Have you read my ‘My Story‘ section? I’m a TCK – I say it all the time and people give me funny looks. I only bring it up when I’m hanging out with other TCKs – just because there’s this weird connection between us. You immediately feel like you are best friends even though you grew up in different places and have never met them before. I recently had lunch with someone at work who had a thick British accent but lives in Boston and did a bit of moving around as a child. She doesn’t call herself a TCK but there still was this connection and I was relaxed around her – sharing my stories and experiences.
Same day, I came across this video, “So Where’s Home? A Film About Third Culture Kid Identity” by Adrian Bautista
The focus of the video was that TCKs have a hard time determining where ‘home’ is or feel like ‘home’ is always changing. In short, the definition of ‘home’ is different to everyone else.
I used to ask myself that a lot. ‘Where is home?’ I am Korean and while I was living in Cambodia, when people asked me where I was from, it was easy.. I said ‘Korea.’ And in Korea, when people asked me where my home was, I said ‘Cambodia.’ And then the story changed as I moved to Boston. The first group of people I met were from my dorm floor. They asked me where I was from and when I couldn’t answer the question, someone kindly said.. ‘where were you before here, where did you grow up?’ and I said ‘Cambodia.’ Soon enough, Cambodia became my home. It was my home – after all, my holidays back home were back to Cambodia. I barely mentioned I was Korean and got several confused looks from people as I spoke Korean with my then roommate.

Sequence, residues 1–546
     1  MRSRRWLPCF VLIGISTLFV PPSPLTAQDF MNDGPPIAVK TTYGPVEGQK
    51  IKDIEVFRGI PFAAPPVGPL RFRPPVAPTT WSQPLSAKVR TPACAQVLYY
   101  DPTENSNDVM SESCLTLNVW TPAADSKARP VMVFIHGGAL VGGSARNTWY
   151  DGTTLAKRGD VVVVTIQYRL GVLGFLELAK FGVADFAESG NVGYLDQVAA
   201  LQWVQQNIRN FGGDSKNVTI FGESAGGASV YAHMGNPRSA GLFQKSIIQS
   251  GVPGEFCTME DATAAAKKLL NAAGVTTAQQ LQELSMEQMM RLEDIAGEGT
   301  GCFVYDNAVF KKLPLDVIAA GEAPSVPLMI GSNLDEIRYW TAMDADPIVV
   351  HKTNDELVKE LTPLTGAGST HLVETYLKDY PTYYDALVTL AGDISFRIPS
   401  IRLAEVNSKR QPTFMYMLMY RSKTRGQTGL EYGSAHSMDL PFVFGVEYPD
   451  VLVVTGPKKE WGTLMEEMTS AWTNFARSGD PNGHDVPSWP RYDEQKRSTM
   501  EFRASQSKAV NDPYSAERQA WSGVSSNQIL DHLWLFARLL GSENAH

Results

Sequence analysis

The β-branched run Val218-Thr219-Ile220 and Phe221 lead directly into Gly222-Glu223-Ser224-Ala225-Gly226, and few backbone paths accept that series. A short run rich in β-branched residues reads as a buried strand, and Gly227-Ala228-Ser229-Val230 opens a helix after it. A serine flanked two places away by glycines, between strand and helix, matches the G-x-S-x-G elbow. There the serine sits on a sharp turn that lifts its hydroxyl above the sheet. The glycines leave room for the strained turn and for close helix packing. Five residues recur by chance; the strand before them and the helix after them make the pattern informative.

At first, I hated it. I hated saying.. ‘well, I’m Korean but I grew up in Cambodia. I now live in Boston though’ (I always have to start that sentence with ‘well’). Now I have no problem saying it and explaining it.. only if that person seems interested, of course. I have developed this sense where I know who wants to hear what I say, who really don’t care, or who would just be way too confused to function if I uttered that phrase about my home and identity.
The biggest factor in determining ‘home’ to me is what affected my cultures, values, ethics and morals the most – the place that has shaped me into the person I am today. That is Cambodia but as I utter occasionally, I’m still very Korean. So I don’t think I could ever pick one place when people ask me where I was from. Also, having my parents in Cambodia really helps me to call it my ‘home’ and my ‘safe haven.’ I know that if things go wrong, that’s where I can be and be safe in.
So, for now, I’m a Korean who grew up in Cambodia and lives in Boston. Maybe tomorrow it’ll change. Who knows?
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